Thursday, May 26, 2005

Ethan Part 4: Bedrest to D-Day

My days on bedrest were boring and stressful simultaneously. I lay on my left side all day long, strictly following my doctor's instructions. The only times I got up was to go to the bathroom and to move from the bed to the couch and back again. I even ate laying on my side, carefully trying not to choke.

Family members came out of the woodwork to say that they had something just like this when they were pregnant with cousin D or uncle G. In all cases, everything turned out just fine. So I shouldn't worry. It was interesting hearing about family members having complications. In my family, health issues are under some sort of secrecy pact. I guess they think if they don't talk about it, it didn't really happen.

Twice a week I went back to the office to see Dr. F. The nurse would do the urine dipstick test to see if I had protein my urine. Most times, it read 2+ or 3+. She would take my blood pressure while sitting, find it high, then send me into the exam room to lay on my side. Again.

Dr. F would come into the room to talk to me. He'd ask if I had any symptoms. I still had none. Despite the stress and worry, I felt fine. I had no headaches, no stomach pain. Dr. F noted I also had hardly any swelling. My rings were only a little snug and I still fit into my pre-pregnancy shoes. He felt that was a very important sign that everything was really okay.

At the end of each visit, he'd have the nurse come back into the room and re-check my blood pressure on my side. The reading was always lower than the sitting version. This, Dr. F told me, was also a good sign.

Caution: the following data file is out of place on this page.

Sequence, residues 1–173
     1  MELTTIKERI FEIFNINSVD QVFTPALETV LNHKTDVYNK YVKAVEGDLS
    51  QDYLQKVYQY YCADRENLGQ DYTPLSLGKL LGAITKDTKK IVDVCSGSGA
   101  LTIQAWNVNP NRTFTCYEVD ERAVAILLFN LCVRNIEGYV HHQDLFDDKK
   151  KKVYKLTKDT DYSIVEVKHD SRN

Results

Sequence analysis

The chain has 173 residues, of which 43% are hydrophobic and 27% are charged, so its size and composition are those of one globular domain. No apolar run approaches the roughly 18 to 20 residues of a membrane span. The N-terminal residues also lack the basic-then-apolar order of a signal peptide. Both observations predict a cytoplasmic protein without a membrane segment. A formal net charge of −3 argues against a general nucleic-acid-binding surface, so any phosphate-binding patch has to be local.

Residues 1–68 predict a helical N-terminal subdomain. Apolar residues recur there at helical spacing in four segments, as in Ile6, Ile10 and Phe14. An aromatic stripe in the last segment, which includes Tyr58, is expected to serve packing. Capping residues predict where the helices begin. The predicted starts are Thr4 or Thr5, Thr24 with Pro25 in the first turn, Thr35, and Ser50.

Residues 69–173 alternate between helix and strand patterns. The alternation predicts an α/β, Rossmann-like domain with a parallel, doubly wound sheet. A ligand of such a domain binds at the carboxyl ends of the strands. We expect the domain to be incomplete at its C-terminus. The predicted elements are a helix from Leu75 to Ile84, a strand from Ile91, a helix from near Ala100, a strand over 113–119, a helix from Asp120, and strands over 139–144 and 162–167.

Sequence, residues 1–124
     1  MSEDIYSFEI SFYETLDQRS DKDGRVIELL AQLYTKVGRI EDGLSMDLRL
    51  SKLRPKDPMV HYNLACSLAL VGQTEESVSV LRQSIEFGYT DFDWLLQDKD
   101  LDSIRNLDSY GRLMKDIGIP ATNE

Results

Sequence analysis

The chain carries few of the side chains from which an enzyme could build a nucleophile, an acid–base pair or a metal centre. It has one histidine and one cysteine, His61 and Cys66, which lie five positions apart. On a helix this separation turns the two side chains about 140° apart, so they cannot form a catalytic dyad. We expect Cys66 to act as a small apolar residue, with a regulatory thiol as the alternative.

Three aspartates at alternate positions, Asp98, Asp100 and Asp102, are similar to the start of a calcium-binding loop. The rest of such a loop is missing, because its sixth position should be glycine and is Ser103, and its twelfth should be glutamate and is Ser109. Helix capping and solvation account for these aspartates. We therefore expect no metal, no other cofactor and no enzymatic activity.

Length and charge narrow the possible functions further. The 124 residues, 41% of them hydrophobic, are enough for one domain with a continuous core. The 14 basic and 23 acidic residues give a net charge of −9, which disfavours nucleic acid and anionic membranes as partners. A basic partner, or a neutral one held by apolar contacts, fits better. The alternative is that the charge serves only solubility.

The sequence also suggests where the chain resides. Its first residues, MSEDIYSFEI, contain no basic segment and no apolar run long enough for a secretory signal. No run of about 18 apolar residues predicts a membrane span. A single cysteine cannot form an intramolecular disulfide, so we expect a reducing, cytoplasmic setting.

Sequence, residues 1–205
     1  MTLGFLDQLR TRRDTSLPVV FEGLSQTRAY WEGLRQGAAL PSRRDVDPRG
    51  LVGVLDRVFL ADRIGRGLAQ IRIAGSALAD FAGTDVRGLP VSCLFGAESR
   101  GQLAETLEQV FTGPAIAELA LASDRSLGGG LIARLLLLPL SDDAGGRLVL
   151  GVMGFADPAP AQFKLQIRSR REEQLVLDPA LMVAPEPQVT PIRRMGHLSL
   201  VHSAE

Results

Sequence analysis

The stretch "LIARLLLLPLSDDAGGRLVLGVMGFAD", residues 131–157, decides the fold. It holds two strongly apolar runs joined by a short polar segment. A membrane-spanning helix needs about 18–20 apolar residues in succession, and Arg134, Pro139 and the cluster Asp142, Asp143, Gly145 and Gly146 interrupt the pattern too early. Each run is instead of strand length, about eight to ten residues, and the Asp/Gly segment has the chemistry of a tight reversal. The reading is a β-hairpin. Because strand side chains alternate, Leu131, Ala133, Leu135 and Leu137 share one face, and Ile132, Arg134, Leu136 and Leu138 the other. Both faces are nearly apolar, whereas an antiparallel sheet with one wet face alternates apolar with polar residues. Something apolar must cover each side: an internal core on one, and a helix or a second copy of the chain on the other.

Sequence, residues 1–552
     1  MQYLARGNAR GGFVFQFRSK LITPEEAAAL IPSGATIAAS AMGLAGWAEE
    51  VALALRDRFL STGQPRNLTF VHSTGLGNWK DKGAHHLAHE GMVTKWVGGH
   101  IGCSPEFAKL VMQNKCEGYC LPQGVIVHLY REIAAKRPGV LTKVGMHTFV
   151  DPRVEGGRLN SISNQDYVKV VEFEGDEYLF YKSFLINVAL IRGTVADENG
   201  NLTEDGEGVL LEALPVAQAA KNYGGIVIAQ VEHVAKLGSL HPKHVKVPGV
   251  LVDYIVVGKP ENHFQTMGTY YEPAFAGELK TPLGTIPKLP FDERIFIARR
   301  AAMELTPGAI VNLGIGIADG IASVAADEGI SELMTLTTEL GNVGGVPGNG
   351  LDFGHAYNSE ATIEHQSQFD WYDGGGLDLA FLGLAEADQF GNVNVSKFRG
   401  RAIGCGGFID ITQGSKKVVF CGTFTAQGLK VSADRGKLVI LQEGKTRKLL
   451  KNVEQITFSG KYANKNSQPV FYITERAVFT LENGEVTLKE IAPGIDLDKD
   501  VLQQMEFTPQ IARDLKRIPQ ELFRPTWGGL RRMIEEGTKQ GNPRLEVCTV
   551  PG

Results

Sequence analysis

After the first of these visits, he put me on Labetelol, a blood pressure drug that commonly prescribed for preeclampsia. When I asked Dr. F if that was what I had, he said No. If I had preeclampsia, I would have a lot of swelling and would have some of the other symptoms. What I had was chronic hypertension, because of my weight and a family history of high blood pressure. The pregnancy just brought the hypertension to the surface. It must have been there all along. I didn't remember having high blood pressure before I was pregnant, but then again, I wasn't really paying attention either.

As the weeks went on, my weight had stalled, even started dropping. Dr. F wasn't concerned. In fact, he said it was good I wasn't gaining too much since I started out higher than I should have been. The baby was still moving around, as far as I could tell, but never vigorously. But the book said that as the baby got bigger and things got more cramped, he would have less space to move around. Obviously that was the explanation.

People asked me if I was going to have another ultrasound. I told them that Dr. F was not concerned about the baby, so there was no reason to do one. It's not routine to do multiple ultrasounds, and the 20 week is often the only one women have. At my 37 week checkup, Dr. F estimated the baby was around 6 pounds. We were clearly out of danger now.